Class Officers elected for a more transparent and virtual semester ahead

By Victoria Gill-Gomez

News Editor

The Washington College student body elected their Student Government Association Class Officers Tuesday, Sept. 28 through a CampusGroups voting link sent out via email.

Sophomore Class President Jonah Nicholson said that even with his past student leadership positions, he enjoyed the chance “to advocate for students, use my voice to make a change, and get to know the world around me a whole lot better.”

Many of the candidates, who come from previous high school leadership positions, said that the number of responsibilities has grown since entering college. These new responsibilities mainly focused on handling a larger budget and the opportunity to have a more hands-on experience with peers.

“As a class officer, though, you have to represent a large group of people from all different backgrounds, with different interests, and different concerns,” Sophomore Class Treasurer Dylan Snow said.

Snow held the same position last year and returned to it because he realized that most students are not aware of what happens with the SGA budget. He hopes to continue to provide more accountability to the SGA within the budget process.

“Being a class officer is what you make of it. In the past, it has been mostly a symbolic position, but we’ve been working to get more responsibilities so that we can best lead and represent our class,” Snow said.

Nicholson said that transparency is a key aspect in their responsibilities. According to him, this experience allows the officers to have more autonomy and accountability over their goals.

“You want to make sure that everyone around you is aware of your intentions, goals, and the things going on in the environment you are in,” Nicholson said.

Currently, Nicholson wants to increase student awareness of and involvement in mental health, as he said it should always be checked on with “semester work piling up, unjust deaths of Black people, and students being split between job and classes.” Thus, there needs to be an opportunity to de-stress.

He hopes to collaborate with Counseling Services to execute his mental health awareness goal.

Freshman Class President Grace Apostol ran on a similar platform as Nicholson, advocating for students dealing with chronic health issues. As someone who herself manages Chronic Migraines, Functional Gait Disorder, and other mental health disorders “many of those in the chronic health community have been overlooked, and I want my peers to know I am looking at them, and I will shout at the top of rooftops for them. I also want those who do not deal with this personally to know how to help those around them as well as to also be a voice for them.”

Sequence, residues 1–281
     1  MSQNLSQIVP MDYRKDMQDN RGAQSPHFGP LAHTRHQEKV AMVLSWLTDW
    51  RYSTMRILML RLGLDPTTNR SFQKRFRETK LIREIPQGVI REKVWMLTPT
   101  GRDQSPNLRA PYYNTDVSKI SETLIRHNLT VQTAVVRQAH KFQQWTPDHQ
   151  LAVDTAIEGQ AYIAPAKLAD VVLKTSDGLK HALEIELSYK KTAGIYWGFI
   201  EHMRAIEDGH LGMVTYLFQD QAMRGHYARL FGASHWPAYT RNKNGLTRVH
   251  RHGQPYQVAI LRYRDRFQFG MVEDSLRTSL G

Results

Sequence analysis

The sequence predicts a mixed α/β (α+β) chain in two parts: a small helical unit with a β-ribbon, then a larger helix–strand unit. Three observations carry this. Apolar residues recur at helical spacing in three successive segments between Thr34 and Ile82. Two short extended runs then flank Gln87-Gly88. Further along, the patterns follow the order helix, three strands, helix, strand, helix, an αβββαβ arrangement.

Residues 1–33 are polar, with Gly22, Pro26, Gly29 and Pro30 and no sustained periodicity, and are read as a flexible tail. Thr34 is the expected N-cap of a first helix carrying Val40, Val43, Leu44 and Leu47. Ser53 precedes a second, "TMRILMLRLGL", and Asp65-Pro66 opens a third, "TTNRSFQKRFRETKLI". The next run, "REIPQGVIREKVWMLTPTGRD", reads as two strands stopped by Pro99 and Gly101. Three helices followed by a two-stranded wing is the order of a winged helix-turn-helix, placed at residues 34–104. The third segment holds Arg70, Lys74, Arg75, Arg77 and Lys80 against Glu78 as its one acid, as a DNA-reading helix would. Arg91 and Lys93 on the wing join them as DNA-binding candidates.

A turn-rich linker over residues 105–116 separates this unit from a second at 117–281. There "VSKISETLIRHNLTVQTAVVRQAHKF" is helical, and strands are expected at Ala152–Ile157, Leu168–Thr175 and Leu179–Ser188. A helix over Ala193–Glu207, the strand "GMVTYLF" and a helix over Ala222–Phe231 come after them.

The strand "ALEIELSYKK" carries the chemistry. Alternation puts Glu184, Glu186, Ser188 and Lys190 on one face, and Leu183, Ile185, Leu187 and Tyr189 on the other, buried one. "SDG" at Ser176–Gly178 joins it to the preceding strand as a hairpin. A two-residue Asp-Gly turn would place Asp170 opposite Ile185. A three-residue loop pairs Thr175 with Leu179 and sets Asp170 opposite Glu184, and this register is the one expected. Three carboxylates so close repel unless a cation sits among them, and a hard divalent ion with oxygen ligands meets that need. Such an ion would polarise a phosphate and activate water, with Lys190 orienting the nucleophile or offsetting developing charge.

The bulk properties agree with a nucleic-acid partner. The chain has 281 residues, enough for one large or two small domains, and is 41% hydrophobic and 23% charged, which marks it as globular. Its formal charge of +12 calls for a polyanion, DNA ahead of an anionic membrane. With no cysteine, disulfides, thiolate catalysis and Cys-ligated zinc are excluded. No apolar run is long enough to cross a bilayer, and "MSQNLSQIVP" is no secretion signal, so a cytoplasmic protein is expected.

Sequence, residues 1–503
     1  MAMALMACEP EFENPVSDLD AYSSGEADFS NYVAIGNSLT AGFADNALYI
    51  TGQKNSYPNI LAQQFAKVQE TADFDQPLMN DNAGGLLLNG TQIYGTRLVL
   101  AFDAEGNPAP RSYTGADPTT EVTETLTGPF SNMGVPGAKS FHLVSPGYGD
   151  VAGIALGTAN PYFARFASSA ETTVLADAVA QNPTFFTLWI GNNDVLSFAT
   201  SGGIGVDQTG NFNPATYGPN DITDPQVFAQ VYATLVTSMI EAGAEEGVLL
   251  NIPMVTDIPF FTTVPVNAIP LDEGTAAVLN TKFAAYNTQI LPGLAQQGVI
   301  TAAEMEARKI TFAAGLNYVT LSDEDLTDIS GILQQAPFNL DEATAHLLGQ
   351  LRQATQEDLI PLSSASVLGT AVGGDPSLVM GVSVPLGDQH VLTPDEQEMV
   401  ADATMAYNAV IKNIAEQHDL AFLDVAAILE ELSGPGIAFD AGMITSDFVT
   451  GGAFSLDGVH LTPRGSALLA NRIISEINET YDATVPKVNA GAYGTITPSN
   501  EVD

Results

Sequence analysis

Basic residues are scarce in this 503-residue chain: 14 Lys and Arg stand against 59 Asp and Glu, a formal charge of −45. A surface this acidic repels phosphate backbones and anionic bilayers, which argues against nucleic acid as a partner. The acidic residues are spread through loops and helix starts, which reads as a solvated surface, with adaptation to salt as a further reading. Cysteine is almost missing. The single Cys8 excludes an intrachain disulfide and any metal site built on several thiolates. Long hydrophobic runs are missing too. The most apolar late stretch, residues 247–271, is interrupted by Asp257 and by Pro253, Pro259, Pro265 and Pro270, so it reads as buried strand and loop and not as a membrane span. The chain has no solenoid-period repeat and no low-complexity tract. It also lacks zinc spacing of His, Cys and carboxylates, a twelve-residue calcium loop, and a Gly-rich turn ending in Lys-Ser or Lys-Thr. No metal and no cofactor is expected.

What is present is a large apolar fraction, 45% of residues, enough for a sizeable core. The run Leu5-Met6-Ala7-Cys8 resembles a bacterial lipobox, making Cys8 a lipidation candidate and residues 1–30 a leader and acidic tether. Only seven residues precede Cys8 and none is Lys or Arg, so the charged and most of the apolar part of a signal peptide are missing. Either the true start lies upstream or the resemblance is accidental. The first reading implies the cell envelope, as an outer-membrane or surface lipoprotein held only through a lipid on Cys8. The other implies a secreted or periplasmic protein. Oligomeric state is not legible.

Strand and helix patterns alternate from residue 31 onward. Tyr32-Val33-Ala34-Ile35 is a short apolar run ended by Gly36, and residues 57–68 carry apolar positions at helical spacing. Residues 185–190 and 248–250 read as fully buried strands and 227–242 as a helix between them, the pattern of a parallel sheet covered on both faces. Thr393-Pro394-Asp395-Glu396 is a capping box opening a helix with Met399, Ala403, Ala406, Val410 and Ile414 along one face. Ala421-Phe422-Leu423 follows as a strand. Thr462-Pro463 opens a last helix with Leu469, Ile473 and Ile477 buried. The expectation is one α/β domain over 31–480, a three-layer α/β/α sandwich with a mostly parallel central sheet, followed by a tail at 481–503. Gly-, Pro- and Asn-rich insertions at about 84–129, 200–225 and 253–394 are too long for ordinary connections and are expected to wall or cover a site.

Even though the online semester includes challenges regarding communication, community, and change, Nicholson said he is positive it will all work out. 

“Digital doesn’t equal impossible,” Nicholson said.

To begin his platform of transparency, Nicholson hopes to create a class cabinet in the near future that will provide more positions for the Class of 2023, which would be directed to specific areas on campus to improve the relationship between the students within the College community.

“It’s not just the class officers but the entire sophomore class,” Nicholson said. 

Nicholson and Apostol, they both want to use online platforms for the entire student body to come together, learn about each other’s passions, advocacy efforts, and listen in order to implement change.

As a freshman, Apostol said she is excited to work with upperclassmen to bring attention to different topics that the College needs to address.

With the immense social maelstrom that the nation faces right now with racial injustice, according to Junior Class President Mason Drummey, he is looking forward to seeing how the student body can harness the positive momentum and activism seen around the country and implement it in Chestertown, and at WC.

“I went to the Chestertown Leadership Panel last Monday and was optimistic about the coming changes to racial equality that the town’s leaders have pushed forward,” Drummey said. “I am very sure that some students may say that they are doing too much, or not enough, and to be fair, it is easy for me to say that their 16-month plan has a seriously positive potential. But again…it shows great promise and advancement for the town.”

“Through service to each other, conversations, and avocation, we can better ourselves, each other, and our community. We must be aware and we must be vigilant,” Apostol said.

The ongoing pandemic and racial justice movement has made Snow, along with other candidates, reevaluate their priorities. In respect to his position as Treasurer, Snows wants to ensure that clubs and other campus organizations have proper resources to keep their members engaged while online. 

For him, this is especially important for intercultural groups which he said should be adequately funded to ensure safe spaces and continue to promote multiculturalism and diversity on campus.

Drummey said that he is eager to continue to work with College administration to ensure the safety of the students both socially and medically with the possibility to return to campus in the spring.

In addition, when the College community does return to campus, there is a retainment of energy and momentum for all the ideas that students have been culminating over the past several months. 

“I can only ask that as we come closer to that spring semester, the students keep in mind that their actions and their adherence to guidelines concerning COVID will determine whether we return or not,” Drummey said.

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